SportsPulse: Jeff Zillgitt and Martin Rogers give their take on which legendary franchise is in worse shape at the moment.
If the NBA playoffs ended up having fewer than the customary 16 teams, that would be fine. How would it work, you ask? The answer: it doesn’t really matter. Give a couple of first-round byes. Have a play-in game or two. Whatever.
Just get rid of the losers.
If you don’t have a winning record, there is no earthly reason why you should be in the playoffs. This won’t happen, but if commissioner Adam Silver trimmed the field by kicking out any playoff qualifier operating at a sub-.500 level, it would be a positive thing.
While having a postseason is an integral part of all major American sports, and the opportunity to give more teams something to shoot for late in the schedule is a worthy concept, there is no place for any team that gets beaten more than half the time.
Yet that’s what might happen this season. In the top-heavy Eastern Conference, it is almost certain that at least one playoff-bound team will go in with a record of sub-.500. It’s quite feasible that two teams could be in that position, and somewhat plausible that three clubs could still be in contention despite having tasted the sour sting of defeat all too often.
It won’t do.
The NBA has taken solid measures aimed at curtailing rewards for failure by altering the draft lottery and making it harder for franchises to prosper by going into tank mode. Now it is time for the league office to set its sights on not allowing teams that are mediocre at best to get into what is supposed to be the showcase of the elite.
LAKERS IN DOGG HOUSE:Snoop calls for Luke Walton’s firing and offers his box seats for $5
EXCLUSIVE CONTENT:Get news in your inbox first with Click & Roll
Since 1997, 11 teams have qualified for the playoffs with a losing record. Not one of them has won a series. The Atlanta Hawks have taken their series to seven games on both occasions they came in below .500, but apart from those quirky instances, losing teams are 4-35 in the first round.
The 1996-97 season also marks the last time a Western Conference team (the Los Angeles Clippers) entered playoff time in such a spot, which says everything you need to know about how long the NBA’s geographical disparity has been going on.
Last season, the worst playoff team was the 43-39 Washington Wizards. The year before, the Chicago Bulls and Portland Trail Blazers squeezed in with 41-41 marks.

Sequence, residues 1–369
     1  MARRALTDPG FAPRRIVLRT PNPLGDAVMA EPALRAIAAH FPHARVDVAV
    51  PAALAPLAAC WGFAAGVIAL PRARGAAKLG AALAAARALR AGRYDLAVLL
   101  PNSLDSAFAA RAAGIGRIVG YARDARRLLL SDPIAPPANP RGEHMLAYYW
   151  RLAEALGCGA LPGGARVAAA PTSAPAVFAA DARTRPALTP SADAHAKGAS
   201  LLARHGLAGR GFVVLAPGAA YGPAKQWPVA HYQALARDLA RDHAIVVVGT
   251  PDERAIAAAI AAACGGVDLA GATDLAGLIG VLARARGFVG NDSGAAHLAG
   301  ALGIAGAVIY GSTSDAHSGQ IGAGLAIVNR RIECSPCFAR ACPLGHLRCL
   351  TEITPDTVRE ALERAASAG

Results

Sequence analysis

The problem could partially be fixed by taking the top 16 teams based on record and moving them through to the playoffs, regardless of how the conference standings looked in April.
And there has been the suggestion that if the Los Angeles Lakers miss the playoffs, which looks increasingly likely despite the arrival of LeBron James, at the expense of a team from the East that is say, 39-43, it would spark swift change.
But if shouldn’t take the absence of a superstar to prompt such a shift. In any case, at the end of Saturday night’s games there were just 14 teams at .500 or better, and the disjointedly floundering Lakers were three wins shy of that mark.
This doesn’t mean that teams that aren’t habitual winners deserve our scorn. There is nothing wrong with being something like 36-46, a solid record, especially for a team that might be rebuilding or working toward better times. But it is not something that should be rewarded with a cherished spot in the playoffs.
The NBA’s postseason is supposed to be its most exciting time, when the best of the best go up against each other with everything to play for. Permitting those unable to even reach parity is simply not in keeping with so many of the other things the league does to encourage excellence.
Losing is part of the game and no one, not even the dominant Golden State Warriors or Michael Jordan’s Chicago Bulls, can win always. But if a team can’t win more frequently than it gets beaten, there should be no golden ticket handed out to make it feel marginally better.
Follow USA TODAY Sports columnist Martin Rogers on Twitter @RogersJourno